The name Conrad Keely might not ring a bell, but I’m sure you’ve heard his band’s especially unique name once or twice: …And You Will Know Us By The Trail of Dead. The band started off in Texas in 1995 and then proceeded to more or less tour non-stop for the twenty years that followed. Their last album, IX, their ninth, was a fantastic return to form after a couple of lackluster albums that just didn’t have that kick they were known for.
The first time I played Original Machines, which starts off with the title track, I wasn’t sure if it was going to provide that kick — in the ass — either. The beats are clearly programmed and split the difference between pop and industrial. But eventually the guitars kicked in and it won me over. Besides, this site wouldn’t be called Love is Pop if I didn’t like pop. I just wasn’t expecting it from Conrad. But that’s the fun of solo albums; they give artists that wild abandon they sometimes need to recharge their batteries and feel excited about making music again. To that end, I totally applaud the creativity put into this record. And I’m sure he poured his heart into it because he’s been going where his inspiration leads him lately, currently spending time as an expatriate in Cambodia. I bet you didn’t see that one coming. It’s just not something you hear about rock stars doing every day. But that’s what makes Original Machines so original. The influences on this album are very eclectic. Conrad even drew inspiration from Khmer classics from the golden age of Cambodian psychedelic rock, something that was cut short by the Khmer Rouge regime in 1974. It’s also a bit surprising that the album is also informed by Irish folk and American bluegrass.
Getting back to “Original Machines,” I now believe it was the perfect track to open the record with, as it makes it clear right from the start that this isn’t going to be another Trail of Dead record. It’s definitely not one of those boring solo albums where the artists basically do the exact same thing they do in their band. As an example of this, the solo albums by The Killer’s Brandon Flowers come to mind. His first, Flamingo, was a solid album, but it wasn’t that far removed from The Killers. However, his second, The Desired Effect, was a totally different story, finding him showing off his ’80’s influences with dazzling results. It was a record he could not have made with The Killers and that’s what made it unique and special. Likewise, Original Machines is a record Conrad more than likely could not have made with Trail of Dead.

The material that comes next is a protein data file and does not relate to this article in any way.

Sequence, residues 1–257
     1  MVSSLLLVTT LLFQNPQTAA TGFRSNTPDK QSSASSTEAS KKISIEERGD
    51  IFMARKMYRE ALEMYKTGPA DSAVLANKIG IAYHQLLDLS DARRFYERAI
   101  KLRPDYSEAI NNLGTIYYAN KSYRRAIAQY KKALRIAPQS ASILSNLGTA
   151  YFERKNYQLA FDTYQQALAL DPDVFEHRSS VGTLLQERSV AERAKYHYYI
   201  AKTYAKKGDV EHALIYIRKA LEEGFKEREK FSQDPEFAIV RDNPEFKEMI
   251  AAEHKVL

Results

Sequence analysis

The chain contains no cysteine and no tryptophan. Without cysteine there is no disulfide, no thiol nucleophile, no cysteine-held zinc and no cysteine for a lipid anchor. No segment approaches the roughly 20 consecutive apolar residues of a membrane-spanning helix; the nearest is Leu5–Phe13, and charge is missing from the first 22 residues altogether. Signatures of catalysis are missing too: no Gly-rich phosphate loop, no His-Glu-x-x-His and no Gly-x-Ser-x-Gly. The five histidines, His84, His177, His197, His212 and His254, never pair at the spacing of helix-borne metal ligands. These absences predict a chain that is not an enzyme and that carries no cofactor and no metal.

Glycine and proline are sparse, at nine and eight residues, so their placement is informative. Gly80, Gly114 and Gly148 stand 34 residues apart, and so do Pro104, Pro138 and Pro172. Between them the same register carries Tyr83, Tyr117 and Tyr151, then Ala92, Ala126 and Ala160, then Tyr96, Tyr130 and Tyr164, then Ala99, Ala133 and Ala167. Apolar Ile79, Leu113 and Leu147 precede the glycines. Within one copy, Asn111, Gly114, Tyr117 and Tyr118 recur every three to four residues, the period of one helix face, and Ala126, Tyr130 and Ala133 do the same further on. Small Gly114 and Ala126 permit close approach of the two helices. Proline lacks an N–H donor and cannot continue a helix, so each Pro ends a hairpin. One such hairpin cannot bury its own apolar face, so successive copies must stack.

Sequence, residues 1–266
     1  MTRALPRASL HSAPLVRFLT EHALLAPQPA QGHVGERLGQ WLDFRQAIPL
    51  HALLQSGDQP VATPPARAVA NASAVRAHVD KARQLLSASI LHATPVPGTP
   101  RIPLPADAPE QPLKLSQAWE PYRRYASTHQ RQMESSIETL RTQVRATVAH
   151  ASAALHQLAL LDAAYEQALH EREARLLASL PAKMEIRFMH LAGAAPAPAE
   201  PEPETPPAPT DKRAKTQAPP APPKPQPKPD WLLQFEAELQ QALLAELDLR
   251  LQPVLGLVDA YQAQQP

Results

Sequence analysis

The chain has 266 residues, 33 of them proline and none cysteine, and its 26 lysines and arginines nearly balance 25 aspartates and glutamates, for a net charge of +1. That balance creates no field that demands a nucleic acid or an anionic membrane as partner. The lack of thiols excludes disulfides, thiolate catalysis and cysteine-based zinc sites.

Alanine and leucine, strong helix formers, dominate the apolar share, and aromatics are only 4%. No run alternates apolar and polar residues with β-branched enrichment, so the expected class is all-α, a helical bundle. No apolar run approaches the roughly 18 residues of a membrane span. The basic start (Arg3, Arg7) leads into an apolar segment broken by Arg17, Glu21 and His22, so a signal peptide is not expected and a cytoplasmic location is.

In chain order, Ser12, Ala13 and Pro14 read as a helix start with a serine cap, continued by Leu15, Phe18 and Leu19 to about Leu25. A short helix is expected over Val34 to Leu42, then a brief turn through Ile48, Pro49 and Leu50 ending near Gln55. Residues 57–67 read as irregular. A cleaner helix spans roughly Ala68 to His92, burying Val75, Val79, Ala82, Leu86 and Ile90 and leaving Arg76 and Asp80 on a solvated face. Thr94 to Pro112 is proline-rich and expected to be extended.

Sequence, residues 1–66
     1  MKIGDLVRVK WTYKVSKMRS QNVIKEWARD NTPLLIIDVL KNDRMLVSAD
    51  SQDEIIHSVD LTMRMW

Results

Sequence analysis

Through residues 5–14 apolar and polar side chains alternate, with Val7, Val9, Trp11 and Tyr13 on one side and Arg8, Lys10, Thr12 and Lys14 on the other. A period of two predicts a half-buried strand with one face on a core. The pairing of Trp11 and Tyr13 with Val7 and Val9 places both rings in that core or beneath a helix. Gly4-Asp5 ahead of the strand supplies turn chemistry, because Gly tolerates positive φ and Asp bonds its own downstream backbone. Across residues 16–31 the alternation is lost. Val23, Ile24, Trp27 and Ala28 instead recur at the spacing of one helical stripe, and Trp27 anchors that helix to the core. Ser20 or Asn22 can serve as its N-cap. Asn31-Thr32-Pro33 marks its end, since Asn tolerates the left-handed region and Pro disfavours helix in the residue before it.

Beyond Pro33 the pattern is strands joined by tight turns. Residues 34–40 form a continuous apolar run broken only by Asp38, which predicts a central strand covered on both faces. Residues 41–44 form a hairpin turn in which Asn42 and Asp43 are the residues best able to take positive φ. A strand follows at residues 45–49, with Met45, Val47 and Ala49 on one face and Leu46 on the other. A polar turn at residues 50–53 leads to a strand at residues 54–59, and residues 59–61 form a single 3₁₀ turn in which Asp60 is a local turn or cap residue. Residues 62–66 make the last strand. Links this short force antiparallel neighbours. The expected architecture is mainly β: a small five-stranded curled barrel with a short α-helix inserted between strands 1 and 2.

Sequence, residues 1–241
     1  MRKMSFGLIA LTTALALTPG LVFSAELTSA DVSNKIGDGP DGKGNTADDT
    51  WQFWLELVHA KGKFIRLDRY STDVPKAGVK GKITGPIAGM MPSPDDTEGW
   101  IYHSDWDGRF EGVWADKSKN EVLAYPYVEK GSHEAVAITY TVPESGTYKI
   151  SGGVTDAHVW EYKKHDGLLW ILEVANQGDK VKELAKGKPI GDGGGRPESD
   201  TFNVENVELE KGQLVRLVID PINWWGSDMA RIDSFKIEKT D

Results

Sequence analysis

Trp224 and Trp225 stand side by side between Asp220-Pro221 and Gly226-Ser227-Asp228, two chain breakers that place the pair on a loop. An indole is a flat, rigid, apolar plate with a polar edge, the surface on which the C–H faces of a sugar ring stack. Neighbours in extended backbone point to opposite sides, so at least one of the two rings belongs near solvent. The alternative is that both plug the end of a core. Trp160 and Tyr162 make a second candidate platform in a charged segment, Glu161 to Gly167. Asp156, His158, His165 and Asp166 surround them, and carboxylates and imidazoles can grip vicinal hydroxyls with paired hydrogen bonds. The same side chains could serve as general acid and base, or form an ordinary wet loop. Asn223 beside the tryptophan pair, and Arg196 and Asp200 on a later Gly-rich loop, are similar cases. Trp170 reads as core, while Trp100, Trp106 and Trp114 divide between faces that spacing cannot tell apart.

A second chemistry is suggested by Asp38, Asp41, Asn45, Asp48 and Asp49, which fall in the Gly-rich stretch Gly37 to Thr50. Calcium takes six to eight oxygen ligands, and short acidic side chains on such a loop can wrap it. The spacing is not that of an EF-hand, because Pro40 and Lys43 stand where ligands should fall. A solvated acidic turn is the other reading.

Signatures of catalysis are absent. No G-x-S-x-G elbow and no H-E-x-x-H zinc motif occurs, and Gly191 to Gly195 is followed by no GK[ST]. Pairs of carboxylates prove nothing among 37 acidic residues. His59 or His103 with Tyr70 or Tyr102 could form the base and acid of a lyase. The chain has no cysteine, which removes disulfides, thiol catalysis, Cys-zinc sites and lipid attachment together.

The second track on the album, “Warm Insurrection,” is a rocking tune and I suppose it’s heavy enough to be a Trail of Dead song, but what makes it so different is the percussion, which sounds like it includes several different instruments. And it’s vibrant; it’s a blast. One of the singles, “In Words Of a Not So Famous Man,” follows and reminds me of Rush at their early best. It’s unpredictable. You definitely don’t expect it to end at the 2:25 mark. But it leaves you wanting more, likely getting the listener excited and curious about the songs to follow, of which there are many; the album is 24 tracks long. Apparently, the folk and bluegrass music to inspire Conrad was from days past when songs typically lasted two minutes. The longest song on here is the prog rock leaning “In The Cave,” clocking in at 3:05. But that’s just fine. Short songs tend to be catchier.
“All the clouds rise up in front of me / Count the ways we’ve grown apart / Time to make this world reflect who we are,” he sings on “Drive to Kampot,” a song undoubtedly inspired by his travels. “I’m alive today / On a train to the sun,” he sings shortly after. The song is just over-flowing with the sort of excitement you get when you travel, especially to foreign countries. (It makes me want to go back to Paris so badly. It makes me want to go to many places.) The surging and sparkling guitars here remind me of ’80’s rock a bit. The riffs aren’t that far removed from, say, INXS or even Duran Duran. But if you’re not into those, don’t worry, I could be imagining it. This album makes me feel creatively inspired, which is the best thing music can do for me, aside from providing an emotional companion during hard times. It’ll get the wheels in your brain rolling, too.
Many of the album’s best tracks are about Conrad’s life in Cambodia. It’s clear just looking at titles like “Hills of K-Town,” “The Jungles” and “Drive Back to Phnom Penh.” You’ll feel like you’ve spent a week there by the time you’re done listening to this record. But the lyrics aren’t all so specific that you have to buy into the Cambodia theme to enjoy it. But, sure, you do have to be ready for a fantastic voyage. Get set, grab this record, and let Conrad be your highly entertaining tour guide